My first take on Seesmic

(DISCLOSURE: Since writing this post I have accepted an advisory role with Seesmic)

A couple of weeks ago I had the pleasure of a demo of Loic Le Meur’s new start-up Seesmic – which I guess is best described as a video based Twitter-like service with a slightly higher emphasis to the social network aspect of the play over products I’ve seen this area [see screenshot]. It also appears to plug-in to existing social experiences very well.

Of course this is going to be a crowded market, but from what I have seen I think Loic has built a good foundation to launch from. Also, given its strict SMS and IM orientation I doubt very much Twitter will launch into this space – meaning there’s all to play for.

To me there are three key aspects to a service like this which will ultimately decide who wins and who doesn’t:

1) Ubiquity of video ingest
… ie ‘how do people get their video’s into the system?’.

On this front I’m not sure how Seesmic is going to handle this, beyond the expected “file upload” approach of uploading video from a file on your hard-drive (which is a necessary ‘default’ but still cumbersome). I’m guessing he’ll build a flash-capture system and some kind of phone capture too, but this is where a strong API comes into it’s own because then anyone can build the functionality into their existing video-capture system (be it software or hardware).

From a non-technology perspective, it’s interesting to read from today’s TechCrunch article that Loic also plans to open a mini studio in San Francisco (and perhaps elsewhere) for people to upload their videos from.

2) Distribution
… ie ‘how and where will people see it?’

I know Loic has a few tricks up his sleeve on this one that I’m not going to reveal, but in short making sure you can get your video out there and discovered is obviously important… And I mean off-site.

As competition in this space increases, people are invariably traversing sites like YouTube less and less, and you can’t expect to be running a destination site with guaranteed traffic. Also as the userbase matures, they’re going to expect more ways to use their video to add value to own sites (from blogs to Facebook and MySpace profiles). And by that, I mean beyond the now standard video embed.

3) Context
… ie ‘Why are people creating this video?’

The one thing I do think Loic needs to think about is context… Perhaps the single biggest reason why Twitter was successful was that it has a context: “What are you currently doing?”

If Twitter was just a technology stack (SMS, IM and web messaging system) that let users do whatever they wanted, I’m not sure whether it would have been so successful. There’s a slight paradox because of course user’s don’t just use Twitter to answer that question, but the point is it forms a foundation and people know when their running as edge cases to it.

If only 10% of the internet population currently create content (and that might be an exaggerated claim, it’s probably less) then doing the most to help stir their creative juices is important. Not everyone has inspiration on tap which leaves people without motivation to create and in turn a ghost town ecosystem. Also factor in those who are motivated to create despite a lack of inspiration :)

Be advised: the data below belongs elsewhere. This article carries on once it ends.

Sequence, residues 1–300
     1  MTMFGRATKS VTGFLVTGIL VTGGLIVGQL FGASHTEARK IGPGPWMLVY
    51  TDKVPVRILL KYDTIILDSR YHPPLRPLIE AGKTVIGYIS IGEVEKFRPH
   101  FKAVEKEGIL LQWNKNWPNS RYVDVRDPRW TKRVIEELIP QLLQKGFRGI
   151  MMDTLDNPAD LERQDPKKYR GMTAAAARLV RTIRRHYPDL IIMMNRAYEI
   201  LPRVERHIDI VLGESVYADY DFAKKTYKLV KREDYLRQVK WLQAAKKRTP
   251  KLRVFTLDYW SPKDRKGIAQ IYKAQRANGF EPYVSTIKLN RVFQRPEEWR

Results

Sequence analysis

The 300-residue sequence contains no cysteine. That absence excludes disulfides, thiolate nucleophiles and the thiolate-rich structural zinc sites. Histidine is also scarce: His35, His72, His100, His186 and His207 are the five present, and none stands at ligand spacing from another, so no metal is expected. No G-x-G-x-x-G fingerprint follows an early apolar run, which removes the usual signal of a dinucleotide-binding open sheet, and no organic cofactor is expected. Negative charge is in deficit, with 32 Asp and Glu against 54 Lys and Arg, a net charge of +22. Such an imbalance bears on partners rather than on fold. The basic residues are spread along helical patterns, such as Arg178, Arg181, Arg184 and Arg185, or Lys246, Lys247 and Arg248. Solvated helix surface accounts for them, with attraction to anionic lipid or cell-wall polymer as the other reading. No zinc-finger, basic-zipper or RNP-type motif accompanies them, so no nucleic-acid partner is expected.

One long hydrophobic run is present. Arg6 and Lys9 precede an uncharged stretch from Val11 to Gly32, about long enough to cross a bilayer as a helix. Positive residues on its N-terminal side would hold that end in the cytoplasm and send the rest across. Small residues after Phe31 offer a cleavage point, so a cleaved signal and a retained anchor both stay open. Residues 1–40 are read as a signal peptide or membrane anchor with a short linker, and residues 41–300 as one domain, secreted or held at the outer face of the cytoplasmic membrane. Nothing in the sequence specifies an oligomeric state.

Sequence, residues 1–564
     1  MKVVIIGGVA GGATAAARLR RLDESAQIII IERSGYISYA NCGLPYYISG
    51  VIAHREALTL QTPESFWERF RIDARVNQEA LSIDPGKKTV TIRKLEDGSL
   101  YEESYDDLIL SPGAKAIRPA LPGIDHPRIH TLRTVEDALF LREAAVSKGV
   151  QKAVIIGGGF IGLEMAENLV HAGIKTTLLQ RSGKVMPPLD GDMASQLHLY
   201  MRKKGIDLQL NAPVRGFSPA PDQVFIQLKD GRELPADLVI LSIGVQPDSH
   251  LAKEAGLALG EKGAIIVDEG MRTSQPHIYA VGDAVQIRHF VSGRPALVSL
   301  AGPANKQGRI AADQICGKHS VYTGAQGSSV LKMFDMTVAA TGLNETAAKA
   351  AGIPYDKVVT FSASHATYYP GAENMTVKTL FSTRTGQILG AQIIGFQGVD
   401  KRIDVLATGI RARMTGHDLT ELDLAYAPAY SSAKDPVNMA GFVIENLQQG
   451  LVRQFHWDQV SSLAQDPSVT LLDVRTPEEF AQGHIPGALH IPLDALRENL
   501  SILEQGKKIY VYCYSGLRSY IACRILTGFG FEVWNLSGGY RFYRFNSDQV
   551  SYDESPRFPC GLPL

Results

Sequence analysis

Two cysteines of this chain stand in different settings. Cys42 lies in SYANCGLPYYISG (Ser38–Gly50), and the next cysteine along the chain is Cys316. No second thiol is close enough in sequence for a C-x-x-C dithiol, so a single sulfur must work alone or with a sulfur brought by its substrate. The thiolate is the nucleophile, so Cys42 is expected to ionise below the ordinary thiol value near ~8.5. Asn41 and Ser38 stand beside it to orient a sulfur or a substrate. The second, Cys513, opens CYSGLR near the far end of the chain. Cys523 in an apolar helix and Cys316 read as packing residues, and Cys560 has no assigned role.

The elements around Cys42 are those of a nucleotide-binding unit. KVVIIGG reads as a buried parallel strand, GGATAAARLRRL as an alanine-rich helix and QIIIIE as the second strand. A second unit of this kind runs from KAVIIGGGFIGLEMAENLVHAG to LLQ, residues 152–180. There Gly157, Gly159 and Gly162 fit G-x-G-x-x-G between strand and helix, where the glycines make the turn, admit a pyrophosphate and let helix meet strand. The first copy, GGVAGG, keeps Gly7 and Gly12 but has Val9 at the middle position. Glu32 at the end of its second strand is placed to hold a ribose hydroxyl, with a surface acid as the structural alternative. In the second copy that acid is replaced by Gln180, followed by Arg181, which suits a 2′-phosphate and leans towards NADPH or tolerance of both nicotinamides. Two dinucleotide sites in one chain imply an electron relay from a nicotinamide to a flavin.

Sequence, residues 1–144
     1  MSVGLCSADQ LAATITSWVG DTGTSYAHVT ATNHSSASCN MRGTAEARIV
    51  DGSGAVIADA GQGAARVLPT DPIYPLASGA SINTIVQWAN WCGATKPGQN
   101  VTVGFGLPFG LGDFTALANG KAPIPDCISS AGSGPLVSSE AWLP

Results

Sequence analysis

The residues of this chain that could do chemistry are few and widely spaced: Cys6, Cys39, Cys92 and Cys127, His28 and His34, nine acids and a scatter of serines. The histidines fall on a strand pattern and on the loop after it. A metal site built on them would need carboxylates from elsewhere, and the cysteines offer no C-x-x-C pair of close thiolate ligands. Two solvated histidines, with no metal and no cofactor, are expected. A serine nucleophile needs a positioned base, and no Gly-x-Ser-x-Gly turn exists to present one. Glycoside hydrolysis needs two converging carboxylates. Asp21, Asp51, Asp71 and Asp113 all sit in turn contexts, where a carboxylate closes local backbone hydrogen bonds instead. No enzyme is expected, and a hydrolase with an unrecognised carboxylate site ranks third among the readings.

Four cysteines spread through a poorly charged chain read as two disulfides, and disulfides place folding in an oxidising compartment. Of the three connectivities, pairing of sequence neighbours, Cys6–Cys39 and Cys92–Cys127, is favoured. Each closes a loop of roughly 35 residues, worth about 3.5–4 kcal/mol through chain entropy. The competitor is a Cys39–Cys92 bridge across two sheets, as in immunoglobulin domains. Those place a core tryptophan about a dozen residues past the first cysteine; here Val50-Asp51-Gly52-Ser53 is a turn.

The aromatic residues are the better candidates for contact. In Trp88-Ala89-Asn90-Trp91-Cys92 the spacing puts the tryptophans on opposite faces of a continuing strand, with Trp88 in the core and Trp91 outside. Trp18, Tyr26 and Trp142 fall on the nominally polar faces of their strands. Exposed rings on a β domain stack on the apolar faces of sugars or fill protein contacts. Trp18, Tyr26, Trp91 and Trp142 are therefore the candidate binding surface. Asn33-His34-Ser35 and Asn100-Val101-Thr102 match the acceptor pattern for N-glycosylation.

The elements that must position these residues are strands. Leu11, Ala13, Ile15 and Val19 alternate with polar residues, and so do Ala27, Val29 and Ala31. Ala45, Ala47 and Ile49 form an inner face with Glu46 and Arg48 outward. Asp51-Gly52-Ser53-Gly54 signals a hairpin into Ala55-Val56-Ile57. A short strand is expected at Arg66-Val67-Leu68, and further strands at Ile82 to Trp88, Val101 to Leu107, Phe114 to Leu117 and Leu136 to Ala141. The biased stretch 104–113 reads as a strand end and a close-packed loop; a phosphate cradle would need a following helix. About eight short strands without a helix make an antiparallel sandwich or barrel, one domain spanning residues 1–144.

I think the trick to getting more people to create good quality video that others will want to subscribe to help them with the inspiration, (in addition to empowering them with simple editing tools).

Look at Facebook – on it’s own it’s a foundation of creation tools – photos, events, etc. But it seems to me people really engage with the Facebook apps where a context is applied – eg “rate your favorite films”, “are you a chav”, etc.

If Seesmic can keep things fresh by having a good context – perhaps a daily changing question that users can opt-in to answer if they so wish – I think it will have a ton of quality content.

I’m looking forward to seeing what happens.

5 thoughts on “My first take on Seesmic

  1. Cool story. I just now was watching a seesmic vidio of a US soldier in Iraq. He was totally at a loss as to who was watching him. Witness it here± http://www.seesmic.com/Standalone.html?video=aex3LYRvdn

    In my opinion, the best thing is to market this thing aggressively to the established media. BBC3 apparently is interested in it and the reason is more than obvious.

    Reporting using twitter itself is slow to take hold in the established media but this tool might make a difference.

    Up til today social media are mostly being incorporated into the media through journalists´ use of personal tools. There´s nothing wrong witha bit of evangelism but ultimately journalists find themselves as much at a loss within their own corporations when incorporating social media in their work as that US soldier did.

    The media simply have to get their act together to facilitate people with the platforms they´re obviously still looking for!

  2. Thanks for the review. I have been meaning to register and check it out for myself but never got around to it. Now I will especially since its integrated with Disqus which runs on my blog.

  3. you have reviewed Seesmic very nicely and finely. you are definitely right that it can have a ton of quality content if works the same way as is doing. lets see what happens.

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